Assessment Research on Clickers

Mayer, R.E., Stull, A., DeLeeuw, K., Almeroth, K., Bimber, B., Chun, D., et al. (2009). Clickers in college classrooms: Fostering learning with questioning methods in large lecture classes. Contemporary Educational Psychology, 34, 51-57.
  • What can be done to promote student–instructor interaction in a large lecture class? One approach is to use a personal response system (or “clickers”) in which students press a button on a hand-held remote control device corresponding to their answer to a multiple choice question projected on a screen, then see the class distribution of answers on a screen, and discuss the thinking that leads to the correct answer. Students scored significantly higher on the course exams in a college-level educational psychology class when they used clickers to answer 2 to 4 questions per lecture (clicker group), as compared to an identical class with in-class questions presented without clickers (no-clicker group, d = 0.38) or with no in-class questions (control group, d = 0.40). The clicker treatment produced a gain of approximately 1/3 of a grade point over the no-clicker and control groups, which did not differ significantly from each other. Results are consistent with the generative theory of learning, which predicts students in the clicker group are more cognitively engaged during learning.
Cook, R., & Calkins, S. (2013). More than recall and opinion: Using "clickers" to promote complex thinking. Journal on Excellence in College Teaching, 24(2), 51-76.
  • The authors focused on how a personalized response system ("clickers") could be used to promote more complex thinking in two sections of an intermediate college-level Spanish class. Using Bloom's Revised Taxonomy (2001), they designed questions to go beyond Bloom's lower-order thinking levels (recalling, understanding, and applying) to the higher-order levels (analyzing, evaluating, and creating). During the study, the authors alternated between using clickers and not using clickers, comparing how students performed on various common assessments. They found that students performed slightly better on assessments related to content that had been taught using clickers. More significantly, students engaged more fully in class, talked through complex questions, and explored cultural issues more readily when prompted by clickers.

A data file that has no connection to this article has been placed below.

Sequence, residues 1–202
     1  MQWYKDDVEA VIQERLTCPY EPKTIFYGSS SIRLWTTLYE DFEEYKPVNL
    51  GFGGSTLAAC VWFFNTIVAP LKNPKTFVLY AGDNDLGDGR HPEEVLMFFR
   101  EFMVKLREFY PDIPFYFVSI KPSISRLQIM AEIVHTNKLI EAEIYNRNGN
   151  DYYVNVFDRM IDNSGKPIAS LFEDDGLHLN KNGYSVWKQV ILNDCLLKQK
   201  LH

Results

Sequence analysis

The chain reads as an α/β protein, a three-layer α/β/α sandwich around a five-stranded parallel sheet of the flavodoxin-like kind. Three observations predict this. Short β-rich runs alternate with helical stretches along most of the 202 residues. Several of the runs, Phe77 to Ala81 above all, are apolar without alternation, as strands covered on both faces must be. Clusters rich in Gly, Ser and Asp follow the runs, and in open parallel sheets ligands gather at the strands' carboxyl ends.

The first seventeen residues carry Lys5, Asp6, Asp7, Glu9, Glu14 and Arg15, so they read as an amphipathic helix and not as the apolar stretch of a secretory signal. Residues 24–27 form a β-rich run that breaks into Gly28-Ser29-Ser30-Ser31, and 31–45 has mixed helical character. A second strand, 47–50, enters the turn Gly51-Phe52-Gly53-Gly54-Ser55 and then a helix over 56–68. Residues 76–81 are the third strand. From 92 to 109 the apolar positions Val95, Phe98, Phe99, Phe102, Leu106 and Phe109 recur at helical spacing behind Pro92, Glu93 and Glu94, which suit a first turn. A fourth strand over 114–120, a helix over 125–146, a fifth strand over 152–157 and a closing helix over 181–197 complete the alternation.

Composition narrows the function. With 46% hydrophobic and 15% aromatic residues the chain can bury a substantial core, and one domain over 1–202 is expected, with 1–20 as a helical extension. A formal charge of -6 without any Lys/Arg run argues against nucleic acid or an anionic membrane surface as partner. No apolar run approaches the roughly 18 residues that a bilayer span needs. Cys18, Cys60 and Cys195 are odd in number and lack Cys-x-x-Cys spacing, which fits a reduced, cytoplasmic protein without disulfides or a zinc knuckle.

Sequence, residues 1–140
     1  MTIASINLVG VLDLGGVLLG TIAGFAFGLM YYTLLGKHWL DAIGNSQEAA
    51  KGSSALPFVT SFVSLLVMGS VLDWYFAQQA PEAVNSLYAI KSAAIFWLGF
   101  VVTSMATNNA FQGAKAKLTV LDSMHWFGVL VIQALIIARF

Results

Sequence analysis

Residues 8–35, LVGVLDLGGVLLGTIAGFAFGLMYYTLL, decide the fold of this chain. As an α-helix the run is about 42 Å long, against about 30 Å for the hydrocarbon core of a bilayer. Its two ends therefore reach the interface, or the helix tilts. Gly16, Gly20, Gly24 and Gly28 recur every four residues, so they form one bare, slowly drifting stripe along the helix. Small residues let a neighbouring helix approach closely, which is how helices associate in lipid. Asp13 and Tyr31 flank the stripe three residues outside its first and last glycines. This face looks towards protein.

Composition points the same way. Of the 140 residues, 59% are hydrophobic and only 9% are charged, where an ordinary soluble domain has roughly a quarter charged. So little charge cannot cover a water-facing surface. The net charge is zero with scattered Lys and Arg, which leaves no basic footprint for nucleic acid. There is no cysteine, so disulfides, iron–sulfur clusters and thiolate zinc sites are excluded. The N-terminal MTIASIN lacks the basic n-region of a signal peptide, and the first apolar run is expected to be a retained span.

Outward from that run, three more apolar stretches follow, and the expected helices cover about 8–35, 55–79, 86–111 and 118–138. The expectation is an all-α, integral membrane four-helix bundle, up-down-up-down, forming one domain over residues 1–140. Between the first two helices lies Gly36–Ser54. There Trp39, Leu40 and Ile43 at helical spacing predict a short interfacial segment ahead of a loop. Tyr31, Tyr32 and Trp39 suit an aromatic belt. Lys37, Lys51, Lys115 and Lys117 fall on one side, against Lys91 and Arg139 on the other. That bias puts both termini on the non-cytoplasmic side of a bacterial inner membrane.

Lantz, M.E. (2010). The use of 'clickers' in the classroom: Teaching innovation or merely an amusing novelty? Computers in Human Behavior, 26(4), 556-561.

  • Clickers’ are individual response devices in which students each have a remote control that allows them to quickly and anonymously respond to questions presented in-class. Clickers are now being used in many classrooms as an active learning component of courses. Educators considering the use of clickers in their own classrooms may wonder whether the clickers are a worthwhile, pedagogical tool or merely an amusing novelty. As Li (2008) pointed out, research has examined clicker effects on interaction within the classroom, but little research has examined whether clicker use can affect the understanding of concepts. This article will discuss ways in which clickers may help students organize and understand material presented in the classroom. The paper is intended to help guide educators in potentially effective uses of clickers as well as to guide future research.

Bruff, D. (2009). Multiple choice questions you wouldn't put on a test: Promoting deep learning with clickers. Essays on Teaching Excellence, 21(3).

  • Classroom response systems (“clickers”) can turn multiple-choice questions — often seen to be as limited as assessment tools — into effective tools for   engaging students during class. When using this technology, an instructor first poses a multiple-choice question. Each student responds using a handheld  transmitter (or “clicker”).Software on the classroom computer displays the distribution of student responses. Although many multiple-choice questions found on exams work well as clicker questions, there are several kinds of multiple choice questions less appropriate for exams that function very well to promote learning, particularly deep learning, during class when used with clickers. PDF link here.